Many men would not be content to live so. I hope I should not. They would wish to have an intimate friend, with whom they might compare minds, and cherish private virtues.” One of the company mentioned Lord Chesterfield, as a man who had no friend.-J. 66 There were more materials to make friendship in Garrick, had he not been so diffused.”—B. “ Garrick was pure gold, but beat out to thin leaf. Lord Chesterfield was tinsel."'-J.“ Garrick was a very good man, the cheerfullest man of his liver in a profession which is supposed to give indulgence to licentiousness; and a man who gave away freely money acquired by himself. He began the world with a great hunger for money; the son of a half-pay officer, bred in a. family whose study was to make four-pence do as much as others made four-pence half-penny do; but, when he had got money, he was very liberal." Mr. Boswell animadverted on his. eulogy on Garrick, in his “ Lives of the Poets.' “ You say, Sir, his death eclipsed the gaiety of nations."-J. “ I could not have said more nor less. It is the truth; eclipsed, not extinguished; and his death did eclipse; it was like a storm.'
age; a decent
B. “But why nations? Did his gaiety extend farther than his own nation?"-J. “Why, Sir, some exaggeration must be allowed. Besides, nations
be said if we allow the Scotch to be a nation, and to have gaiety, which they have not. You are
an exception though. Come, gentlemen, let us candidly admit that there is one Scotchman who is cheerful."-BEAUCLERK. “ But he is a very unnatural Scotchman.” I however (says Mr. B.) continued to think the compliment to Garrick hyperbolically untrue. His acting had ceased some time before his death; at any rate he had acted in Ireland but a short time, at an early period of his life, and never in Scotland. I objected also to what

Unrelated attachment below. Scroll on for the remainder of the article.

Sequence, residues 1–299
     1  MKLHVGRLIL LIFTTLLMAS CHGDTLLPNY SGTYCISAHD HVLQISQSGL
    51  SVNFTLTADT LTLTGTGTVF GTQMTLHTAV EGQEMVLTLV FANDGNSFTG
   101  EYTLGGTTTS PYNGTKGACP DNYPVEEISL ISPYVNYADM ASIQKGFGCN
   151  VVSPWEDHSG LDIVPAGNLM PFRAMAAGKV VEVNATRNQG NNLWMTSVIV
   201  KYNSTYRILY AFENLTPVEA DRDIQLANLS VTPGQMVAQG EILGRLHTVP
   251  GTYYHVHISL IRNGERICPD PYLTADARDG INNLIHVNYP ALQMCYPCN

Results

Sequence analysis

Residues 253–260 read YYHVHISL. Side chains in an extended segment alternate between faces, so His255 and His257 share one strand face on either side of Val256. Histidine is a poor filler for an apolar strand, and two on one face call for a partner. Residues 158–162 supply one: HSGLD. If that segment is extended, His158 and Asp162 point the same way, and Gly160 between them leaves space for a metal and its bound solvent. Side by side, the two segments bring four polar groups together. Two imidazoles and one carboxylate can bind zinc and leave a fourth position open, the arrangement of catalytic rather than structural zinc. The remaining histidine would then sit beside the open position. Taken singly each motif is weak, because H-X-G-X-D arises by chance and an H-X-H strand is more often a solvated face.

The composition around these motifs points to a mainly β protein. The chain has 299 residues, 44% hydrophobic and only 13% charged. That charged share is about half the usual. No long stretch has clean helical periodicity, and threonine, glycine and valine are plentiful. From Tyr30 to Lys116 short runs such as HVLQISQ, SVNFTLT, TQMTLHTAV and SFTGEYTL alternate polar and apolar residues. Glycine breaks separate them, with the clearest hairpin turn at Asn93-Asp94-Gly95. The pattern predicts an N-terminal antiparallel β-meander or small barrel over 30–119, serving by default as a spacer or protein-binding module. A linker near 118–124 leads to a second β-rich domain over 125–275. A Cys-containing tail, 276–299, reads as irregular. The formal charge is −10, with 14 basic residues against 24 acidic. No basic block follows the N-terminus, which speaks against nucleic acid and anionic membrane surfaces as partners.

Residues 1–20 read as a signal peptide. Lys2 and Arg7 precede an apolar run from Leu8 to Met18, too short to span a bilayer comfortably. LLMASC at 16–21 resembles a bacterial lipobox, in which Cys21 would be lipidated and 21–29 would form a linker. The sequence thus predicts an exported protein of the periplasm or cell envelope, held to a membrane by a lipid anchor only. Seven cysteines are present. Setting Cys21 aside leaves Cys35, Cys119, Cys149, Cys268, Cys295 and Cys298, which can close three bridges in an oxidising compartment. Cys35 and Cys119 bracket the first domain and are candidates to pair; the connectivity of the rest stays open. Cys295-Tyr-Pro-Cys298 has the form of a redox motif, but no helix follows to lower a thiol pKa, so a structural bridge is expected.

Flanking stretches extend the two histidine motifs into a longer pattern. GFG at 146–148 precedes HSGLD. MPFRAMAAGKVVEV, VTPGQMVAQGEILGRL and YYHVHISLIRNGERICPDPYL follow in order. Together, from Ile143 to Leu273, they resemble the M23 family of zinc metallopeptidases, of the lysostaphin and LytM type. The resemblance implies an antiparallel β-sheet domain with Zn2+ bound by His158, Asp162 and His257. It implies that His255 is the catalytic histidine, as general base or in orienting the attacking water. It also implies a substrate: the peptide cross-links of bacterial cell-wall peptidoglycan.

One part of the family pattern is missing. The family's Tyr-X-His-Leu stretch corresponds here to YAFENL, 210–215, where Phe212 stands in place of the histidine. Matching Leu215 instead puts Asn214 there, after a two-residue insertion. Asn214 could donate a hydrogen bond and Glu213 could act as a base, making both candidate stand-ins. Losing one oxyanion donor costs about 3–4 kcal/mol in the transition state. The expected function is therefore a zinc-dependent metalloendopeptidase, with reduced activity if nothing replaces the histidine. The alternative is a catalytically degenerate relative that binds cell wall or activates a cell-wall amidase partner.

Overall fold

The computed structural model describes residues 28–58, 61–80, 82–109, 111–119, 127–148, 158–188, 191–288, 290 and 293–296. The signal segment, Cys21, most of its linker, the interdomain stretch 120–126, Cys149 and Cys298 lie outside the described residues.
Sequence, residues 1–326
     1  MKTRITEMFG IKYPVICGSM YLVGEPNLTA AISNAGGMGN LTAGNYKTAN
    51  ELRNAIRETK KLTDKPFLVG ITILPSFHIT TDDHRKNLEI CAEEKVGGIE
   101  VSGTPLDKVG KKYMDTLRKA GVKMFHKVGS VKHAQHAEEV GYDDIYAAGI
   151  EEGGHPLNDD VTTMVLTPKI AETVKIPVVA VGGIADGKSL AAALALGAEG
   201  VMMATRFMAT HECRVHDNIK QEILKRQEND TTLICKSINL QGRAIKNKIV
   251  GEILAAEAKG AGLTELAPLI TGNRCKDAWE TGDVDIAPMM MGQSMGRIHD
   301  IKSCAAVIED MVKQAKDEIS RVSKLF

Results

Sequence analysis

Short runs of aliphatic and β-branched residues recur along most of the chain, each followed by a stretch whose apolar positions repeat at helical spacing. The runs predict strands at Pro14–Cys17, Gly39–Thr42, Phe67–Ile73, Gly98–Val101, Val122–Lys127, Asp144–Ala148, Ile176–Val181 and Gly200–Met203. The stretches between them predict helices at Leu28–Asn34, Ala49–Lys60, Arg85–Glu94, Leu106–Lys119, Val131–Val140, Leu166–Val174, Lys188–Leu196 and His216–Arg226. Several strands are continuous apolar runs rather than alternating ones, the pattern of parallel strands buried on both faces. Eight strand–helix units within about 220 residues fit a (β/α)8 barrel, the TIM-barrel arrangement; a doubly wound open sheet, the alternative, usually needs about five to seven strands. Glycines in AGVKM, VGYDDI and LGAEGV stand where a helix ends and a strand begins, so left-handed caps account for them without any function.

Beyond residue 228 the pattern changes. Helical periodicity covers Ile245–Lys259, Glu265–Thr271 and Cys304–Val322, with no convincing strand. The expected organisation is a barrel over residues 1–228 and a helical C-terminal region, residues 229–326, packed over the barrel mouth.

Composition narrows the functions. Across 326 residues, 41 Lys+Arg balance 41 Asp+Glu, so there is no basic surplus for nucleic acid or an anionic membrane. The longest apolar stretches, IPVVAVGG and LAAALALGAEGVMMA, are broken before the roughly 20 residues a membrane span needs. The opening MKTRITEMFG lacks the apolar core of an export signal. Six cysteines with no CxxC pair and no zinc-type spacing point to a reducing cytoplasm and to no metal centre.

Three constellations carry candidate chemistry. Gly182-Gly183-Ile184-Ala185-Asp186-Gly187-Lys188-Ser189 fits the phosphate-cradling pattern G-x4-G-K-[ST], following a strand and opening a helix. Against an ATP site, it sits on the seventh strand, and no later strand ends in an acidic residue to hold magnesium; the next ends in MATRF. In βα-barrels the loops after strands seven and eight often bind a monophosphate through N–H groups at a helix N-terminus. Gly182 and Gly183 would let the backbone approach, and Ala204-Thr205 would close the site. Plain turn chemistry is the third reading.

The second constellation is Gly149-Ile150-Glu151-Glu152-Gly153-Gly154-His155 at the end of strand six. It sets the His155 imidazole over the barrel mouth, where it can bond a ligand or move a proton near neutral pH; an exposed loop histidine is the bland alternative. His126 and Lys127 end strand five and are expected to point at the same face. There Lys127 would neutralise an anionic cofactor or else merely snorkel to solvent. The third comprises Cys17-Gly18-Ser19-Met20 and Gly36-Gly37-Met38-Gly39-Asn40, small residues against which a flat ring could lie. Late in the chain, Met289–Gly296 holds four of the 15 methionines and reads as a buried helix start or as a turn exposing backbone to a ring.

appears an anticlimax of praise, when contrasted with the preceding panegyric-' and diminished the public stock of harmless pleasure!' “ Is not harmless pleasure very tame?”-J. “Nay, Sir, harmless pleasure is the highest praise. Pleasure is a word of dubious import; pleasure is in general dangerous and pernicious to virtue; to be able therefore to furnish Pleasure that is harmless, pleasure pure and unalloyed, is as great a power as man can possess." This
was, perhaps, as ingenious a defence as could be made: still, however, (says Mr. B.) I was not satisfied.
His friend Garrick was so busy in conducting the drama, that they could not have so much in
tercourse as Mr. Garrick used to profess an anxious wish that there should be. There might indeed be something in the contemptuous severity as to the merit of acting, which his old preceptor nourished in himself, that would mortify Garrick after the great applause which he received from the audience. For though Johnson said of him, “Sir, a man who has a nation to admire him every night may well be expected to be somewhat elated;" yet he would treat theatrical matters with a ludicrous slight. He said one evening, “ I met David coming off the stage, drest in a woman's riding-hood, when he acted in The Wonder';' I came full upon him, and I believe he was not pleased."
Sir Joshua Reynolds observed with great truth, that Johnson considered Garrick to be as it were his property. He would allow no man either to blame or to praise Garrick in his presence without contradicting him.
Goldsmith in his diverting simplicity complained one day, in a mixed company, of Lord Camden. "I met him (said he) at Lord Clare's house in the country, and he took no more notice of me than if I had been an ordinary man.” The company having laughed heartily, Jobnson stood forth in defence of his friend.
Nay, Gentlemen (said he), Dr. Goldsmith is in the right. A nobleman ought to have made